While Greg Smith may have chosen an op-ed piece in the New York Times, his public resignation was far from unique. Who can forget the flight attendant, Steven Slater, who left his job via the emergency ramp of the plane? And just a year later, Joey DeFrancesco the hotel worker who brought his band mates with him as he told his boss exactly what he thought. Why do some people feel the need to be so vocal? Would you know how to respond if it happened to you?
Assuming for a minute that you’ve done everything in your power to avoid a public bashing, you need to accept that fact that sometimes ego and personal frustrations take over even the most rationale of employees. What’s the best way to respond?
- Take the high road. Remember what your mother always told you, “Two wrongs don’t make a right”. Bashing the employee that lashed out at you only makes you look worse and validates whatever the ex-employee has said about you. If you need to comment at all, keep it short and professional. In fact, if you have to make a public comment, wish them the best!
- Don’t negate their contribution. It’s very tempting to rationalize why someone chooses to leave your company. I’ve heard everything from, “they weren’t really that good”, to “we did everything for him, but he wasn’t realistic”. Keep in mind that what you tell your remaining staff will stick in their minds. If someone’s on the fence about leaving, they may be pushed over the edge if they feel you don’t appreciate their contribution. Let’s be honest, if they were a terrible employee, or had a terrible attitude, you would have fired them.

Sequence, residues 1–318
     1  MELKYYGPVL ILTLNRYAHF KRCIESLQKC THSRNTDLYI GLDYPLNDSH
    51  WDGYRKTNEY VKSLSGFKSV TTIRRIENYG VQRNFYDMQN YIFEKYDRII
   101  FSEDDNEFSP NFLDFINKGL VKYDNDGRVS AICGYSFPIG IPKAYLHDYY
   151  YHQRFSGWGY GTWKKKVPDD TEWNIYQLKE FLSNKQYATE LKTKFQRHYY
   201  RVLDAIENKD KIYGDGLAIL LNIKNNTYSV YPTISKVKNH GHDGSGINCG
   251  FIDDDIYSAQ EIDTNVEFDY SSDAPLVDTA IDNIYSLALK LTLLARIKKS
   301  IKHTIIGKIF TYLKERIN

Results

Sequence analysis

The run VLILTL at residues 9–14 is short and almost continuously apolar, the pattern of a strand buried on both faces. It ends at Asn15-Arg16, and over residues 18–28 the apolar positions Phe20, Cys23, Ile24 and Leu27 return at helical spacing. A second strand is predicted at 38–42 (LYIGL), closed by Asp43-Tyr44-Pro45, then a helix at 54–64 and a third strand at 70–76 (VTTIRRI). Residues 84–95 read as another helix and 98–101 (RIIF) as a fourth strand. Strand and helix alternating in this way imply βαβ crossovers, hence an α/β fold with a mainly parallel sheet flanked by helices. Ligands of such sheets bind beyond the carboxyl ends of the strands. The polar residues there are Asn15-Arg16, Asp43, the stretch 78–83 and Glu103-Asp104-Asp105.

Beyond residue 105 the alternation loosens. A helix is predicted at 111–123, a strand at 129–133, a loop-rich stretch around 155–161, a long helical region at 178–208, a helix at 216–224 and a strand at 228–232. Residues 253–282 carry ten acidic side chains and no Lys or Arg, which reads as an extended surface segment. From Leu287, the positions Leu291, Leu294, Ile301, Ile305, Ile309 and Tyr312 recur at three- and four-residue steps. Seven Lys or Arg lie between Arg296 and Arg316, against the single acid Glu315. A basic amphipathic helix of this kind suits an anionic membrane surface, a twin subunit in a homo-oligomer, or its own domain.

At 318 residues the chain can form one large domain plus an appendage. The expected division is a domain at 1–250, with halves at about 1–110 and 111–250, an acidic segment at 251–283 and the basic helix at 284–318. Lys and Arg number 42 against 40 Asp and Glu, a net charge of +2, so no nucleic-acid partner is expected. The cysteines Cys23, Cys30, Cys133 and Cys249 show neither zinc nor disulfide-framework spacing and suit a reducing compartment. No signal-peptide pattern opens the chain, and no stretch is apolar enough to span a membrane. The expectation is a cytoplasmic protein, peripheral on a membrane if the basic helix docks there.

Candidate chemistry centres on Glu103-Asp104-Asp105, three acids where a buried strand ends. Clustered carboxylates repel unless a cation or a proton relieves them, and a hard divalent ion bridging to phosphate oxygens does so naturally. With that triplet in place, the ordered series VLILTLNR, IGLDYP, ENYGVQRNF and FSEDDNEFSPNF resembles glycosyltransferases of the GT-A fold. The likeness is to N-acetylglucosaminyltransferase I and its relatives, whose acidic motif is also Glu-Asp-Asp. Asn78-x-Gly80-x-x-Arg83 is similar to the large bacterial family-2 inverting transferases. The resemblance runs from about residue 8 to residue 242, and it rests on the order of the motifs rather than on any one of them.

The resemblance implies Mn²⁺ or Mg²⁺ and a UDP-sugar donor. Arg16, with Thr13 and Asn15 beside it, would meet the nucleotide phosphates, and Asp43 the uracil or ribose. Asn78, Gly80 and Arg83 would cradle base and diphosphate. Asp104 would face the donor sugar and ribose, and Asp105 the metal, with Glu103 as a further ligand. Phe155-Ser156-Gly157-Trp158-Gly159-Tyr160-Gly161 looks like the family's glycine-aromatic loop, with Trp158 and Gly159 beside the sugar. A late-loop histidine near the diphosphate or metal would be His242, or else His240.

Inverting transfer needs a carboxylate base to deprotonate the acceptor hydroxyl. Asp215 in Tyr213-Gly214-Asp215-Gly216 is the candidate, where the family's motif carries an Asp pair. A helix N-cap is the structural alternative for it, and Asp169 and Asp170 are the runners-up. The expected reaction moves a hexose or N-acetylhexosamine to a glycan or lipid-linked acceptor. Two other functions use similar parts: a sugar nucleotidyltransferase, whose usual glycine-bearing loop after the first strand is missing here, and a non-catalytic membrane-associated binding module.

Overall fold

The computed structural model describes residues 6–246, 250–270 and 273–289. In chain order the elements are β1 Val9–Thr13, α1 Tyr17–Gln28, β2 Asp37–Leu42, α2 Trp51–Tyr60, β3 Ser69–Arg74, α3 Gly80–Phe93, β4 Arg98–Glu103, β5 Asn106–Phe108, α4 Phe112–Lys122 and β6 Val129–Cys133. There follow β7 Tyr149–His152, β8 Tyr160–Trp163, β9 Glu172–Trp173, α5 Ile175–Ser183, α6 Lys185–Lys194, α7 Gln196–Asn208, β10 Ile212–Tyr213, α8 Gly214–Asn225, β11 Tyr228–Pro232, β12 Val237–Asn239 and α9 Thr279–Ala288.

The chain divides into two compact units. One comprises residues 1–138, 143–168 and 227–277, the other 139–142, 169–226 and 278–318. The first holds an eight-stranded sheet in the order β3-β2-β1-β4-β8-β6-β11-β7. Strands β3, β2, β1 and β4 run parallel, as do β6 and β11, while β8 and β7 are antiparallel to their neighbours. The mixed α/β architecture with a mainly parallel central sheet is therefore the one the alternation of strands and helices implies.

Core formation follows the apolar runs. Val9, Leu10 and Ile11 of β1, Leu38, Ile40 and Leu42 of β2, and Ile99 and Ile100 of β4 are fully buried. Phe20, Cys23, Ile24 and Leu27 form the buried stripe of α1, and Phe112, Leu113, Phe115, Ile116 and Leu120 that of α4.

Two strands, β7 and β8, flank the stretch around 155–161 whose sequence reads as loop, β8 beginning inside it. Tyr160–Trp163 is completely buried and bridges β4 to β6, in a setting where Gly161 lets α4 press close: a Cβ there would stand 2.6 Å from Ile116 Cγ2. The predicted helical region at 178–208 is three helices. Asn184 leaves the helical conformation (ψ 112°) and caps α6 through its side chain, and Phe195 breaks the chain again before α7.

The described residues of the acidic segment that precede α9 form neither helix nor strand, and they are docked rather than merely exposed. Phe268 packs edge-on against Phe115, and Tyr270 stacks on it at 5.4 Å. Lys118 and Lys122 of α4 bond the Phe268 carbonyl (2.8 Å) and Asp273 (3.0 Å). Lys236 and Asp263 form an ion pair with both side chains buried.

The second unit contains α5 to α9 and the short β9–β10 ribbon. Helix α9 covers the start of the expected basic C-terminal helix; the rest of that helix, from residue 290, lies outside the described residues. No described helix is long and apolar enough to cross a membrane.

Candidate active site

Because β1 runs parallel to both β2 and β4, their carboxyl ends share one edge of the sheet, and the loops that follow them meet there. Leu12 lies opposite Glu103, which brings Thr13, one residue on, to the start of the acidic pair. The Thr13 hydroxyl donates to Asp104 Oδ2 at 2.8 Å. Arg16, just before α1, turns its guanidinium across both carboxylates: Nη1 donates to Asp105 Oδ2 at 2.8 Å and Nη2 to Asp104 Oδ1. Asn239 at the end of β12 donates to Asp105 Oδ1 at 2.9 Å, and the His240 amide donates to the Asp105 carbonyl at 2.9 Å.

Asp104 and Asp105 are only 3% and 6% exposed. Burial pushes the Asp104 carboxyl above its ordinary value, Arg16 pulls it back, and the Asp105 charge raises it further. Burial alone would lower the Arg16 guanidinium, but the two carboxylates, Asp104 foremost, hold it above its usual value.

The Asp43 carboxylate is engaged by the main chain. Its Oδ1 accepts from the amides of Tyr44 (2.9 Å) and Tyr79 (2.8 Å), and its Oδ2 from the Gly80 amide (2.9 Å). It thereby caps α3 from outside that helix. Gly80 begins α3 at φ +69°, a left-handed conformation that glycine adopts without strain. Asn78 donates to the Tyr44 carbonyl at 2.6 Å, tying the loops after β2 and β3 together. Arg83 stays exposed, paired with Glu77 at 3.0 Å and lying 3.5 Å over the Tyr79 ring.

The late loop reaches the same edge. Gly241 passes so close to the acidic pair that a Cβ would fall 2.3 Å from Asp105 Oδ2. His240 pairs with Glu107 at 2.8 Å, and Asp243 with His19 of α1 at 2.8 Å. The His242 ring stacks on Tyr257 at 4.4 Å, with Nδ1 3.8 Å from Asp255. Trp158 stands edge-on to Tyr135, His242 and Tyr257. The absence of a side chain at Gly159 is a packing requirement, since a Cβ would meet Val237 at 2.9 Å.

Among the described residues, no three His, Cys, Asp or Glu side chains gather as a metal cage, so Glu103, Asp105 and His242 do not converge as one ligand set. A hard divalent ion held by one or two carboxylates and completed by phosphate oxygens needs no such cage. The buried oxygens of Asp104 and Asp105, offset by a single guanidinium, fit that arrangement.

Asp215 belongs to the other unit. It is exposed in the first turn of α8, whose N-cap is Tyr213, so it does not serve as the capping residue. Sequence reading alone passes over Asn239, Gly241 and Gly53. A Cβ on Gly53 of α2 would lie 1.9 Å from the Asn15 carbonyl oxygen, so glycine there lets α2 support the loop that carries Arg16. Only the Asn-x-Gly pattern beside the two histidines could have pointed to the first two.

- Don’t be defensive. Whether your ex-employee blames your corporate culture or unfair treatment, being defensive only adds fuel to the fire and escalates the issue. It’s not unlike when you provide your employee with feedback and they get defensive. Pretty soon you can find yourself in a screaming match. Agree to disagree and move on.
The more attention these public resignations get, the more often we may see them. Viral YouTube videos and reality TV only add fuel to the fire. Even in the best of companies, you can’t always control the emotions of your employees, so be prepared to handle your response the best way possible.